To the Moon, and Beyond: The Realities of Commercial Space Travel


In 2020, the billionaire space race was in full swing. Richard Branson, Jeff Bezos, and Elon Musk were vying to send everyday astronauts into low orbit for the first time. Each of the billionaires successfully launched at least once, and Bezos and Branson were even passengers aboard their own businesses’ rocket ships. Comercial space travel was reaching new heights, and the momentum appeared unstoppable, at least for a time.

Since then, the aftereffects of the global coronavirus pandemic have had noticeably dampened our outlook on space travel: many are less interested in hearing about Blue Origin’s latest design features, and instead are more concerned with domestic events unfolding here on earth. Among these, the war in Ukraine and, as a byproduct, the recent news that Russia has pulled out of the international space station, would seem to further distance us from the final frontier.

However, in recent days, NASA’s ambitions to land on the moon once again with its Artemis mission have recaptured the public imagination for space travel. Although NASA’s initial SLS rocket test recently failed to launch, a second attempt has now been announced for September 27.

space travel
View from Launch Pad 39B of NASA’s Space Launch System (SLS) rocket with the Orion spacecraft aboard (Credit: NASA).

If commercial space travel into Earth’s orbit–or even to the moon and beyond–does eventually become a possibility there will still be significant challenges for individuals looking to buy their ticket to the final frontier. Here are just a few of the kinds of issues we will be looking at in the decades ahead.

Costs and Resources

It’s easy to get swept up in the fervor for space travel and believe that we’ll all be living the Jetson lifestyle by the end of the decade. But space travel still requires massive amounts of money, planning, and resources. Even the ever-optimistic Elon Musk puts the minimum cost of space travel at $10 million per flight.

In an interview, Musk stated that the “cost efficiency of SpaceX is the best in history,” and it is “designed to be fully reusable.” This means that, according to Musk’s quick math, the cost of SpaceX is around 5-10% of the Saturn V project (the last rocket to send humans to the moon).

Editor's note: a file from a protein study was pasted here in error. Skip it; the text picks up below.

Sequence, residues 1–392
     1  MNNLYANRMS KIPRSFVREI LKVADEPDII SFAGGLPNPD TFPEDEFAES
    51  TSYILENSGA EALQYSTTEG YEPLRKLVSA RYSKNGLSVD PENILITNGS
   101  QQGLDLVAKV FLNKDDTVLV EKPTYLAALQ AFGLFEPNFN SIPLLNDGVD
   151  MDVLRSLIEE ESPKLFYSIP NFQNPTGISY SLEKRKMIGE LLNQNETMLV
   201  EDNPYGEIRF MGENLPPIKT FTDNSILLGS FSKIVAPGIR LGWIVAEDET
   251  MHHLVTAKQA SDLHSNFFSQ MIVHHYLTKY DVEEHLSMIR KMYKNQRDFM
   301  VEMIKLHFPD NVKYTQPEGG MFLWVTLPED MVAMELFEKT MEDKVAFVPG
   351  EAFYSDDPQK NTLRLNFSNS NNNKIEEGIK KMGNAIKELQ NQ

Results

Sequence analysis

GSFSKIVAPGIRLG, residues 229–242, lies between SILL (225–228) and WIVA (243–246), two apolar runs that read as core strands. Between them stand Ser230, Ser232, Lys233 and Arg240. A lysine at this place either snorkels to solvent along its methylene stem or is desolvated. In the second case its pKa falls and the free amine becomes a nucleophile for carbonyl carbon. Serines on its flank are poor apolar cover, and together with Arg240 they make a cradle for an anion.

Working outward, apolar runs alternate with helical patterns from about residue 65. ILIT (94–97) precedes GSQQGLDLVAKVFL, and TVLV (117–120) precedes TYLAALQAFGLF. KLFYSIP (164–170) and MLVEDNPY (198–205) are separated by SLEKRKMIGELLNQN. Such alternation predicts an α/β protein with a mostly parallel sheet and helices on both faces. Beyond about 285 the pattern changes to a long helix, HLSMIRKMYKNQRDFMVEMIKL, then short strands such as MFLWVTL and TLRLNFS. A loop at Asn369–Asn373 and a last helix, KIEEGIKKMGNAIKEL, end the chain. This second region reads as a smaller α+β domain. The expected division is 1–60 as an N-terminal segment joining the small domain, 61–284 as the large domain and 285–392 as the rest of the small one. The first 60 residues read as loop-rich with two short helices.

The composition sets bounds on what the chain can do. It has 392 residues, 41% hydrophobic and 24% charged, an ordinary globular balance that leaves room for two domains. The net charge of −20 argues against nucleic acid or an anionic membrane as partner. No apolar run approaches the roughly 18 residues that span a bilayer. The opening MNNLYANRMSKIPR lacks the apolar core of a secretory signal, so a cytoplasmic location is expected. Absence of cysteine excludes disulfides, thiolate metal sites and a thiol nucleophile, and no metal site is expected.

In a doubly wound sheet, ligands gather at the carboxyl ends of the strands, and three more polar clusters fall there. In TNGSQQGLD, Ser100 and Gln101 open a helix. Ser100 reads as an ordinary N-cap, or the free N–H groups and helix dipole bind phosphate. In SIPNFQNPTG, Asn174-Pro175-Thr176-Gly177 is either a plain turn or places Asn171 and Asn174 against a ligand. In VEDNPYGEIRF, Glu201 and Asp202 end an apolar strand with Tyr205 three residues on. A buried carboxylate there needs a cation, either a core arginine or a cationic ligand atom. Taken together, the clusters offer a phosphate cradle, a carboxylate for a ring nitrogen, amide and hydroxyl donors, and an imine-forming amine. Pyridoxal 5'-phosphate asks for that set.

Musk also revealed that significant planning and administrative approval are needed to send rocket ships into and beyond low orbit. The Federal Aviation Administration will need to review SpaceX’s request for space travel and will account for environmental factors and human interests.

The organization has already caught some flack for causing damage to local ecosystems and displacing residents when SpaceX obtained Boca Chica beach in Texas. As resident Mary McConnaughey explained, “They’re here to stay and they want us to leave.” Dealing with disgruntled locals may seem like a trivial matter compared to the boundless cosmos above our heads. But, failing to work collaboratively with the folks here on earth is a genuine hurdle with which all space travelers must contend.

Global Collaboration on Space Travel

A few years ago, space travel seemed to be a beacon of hope for everyone who wanted to see nations work more on collaborative efforts than divisive ones. However, recent news that Russia has pulled out of the space station projecthas dampened optimism and thrown a wrench in collaborative plans.

Of course, global collaboration for space travel isn’t completely necessary. Independent governmental organizations and billionaires may thrust us into the future. However, a lack of international collaboration will likely slow the space race down rather than speed it up — as scientists will have to guard space-related secrets rather than work in open transparency.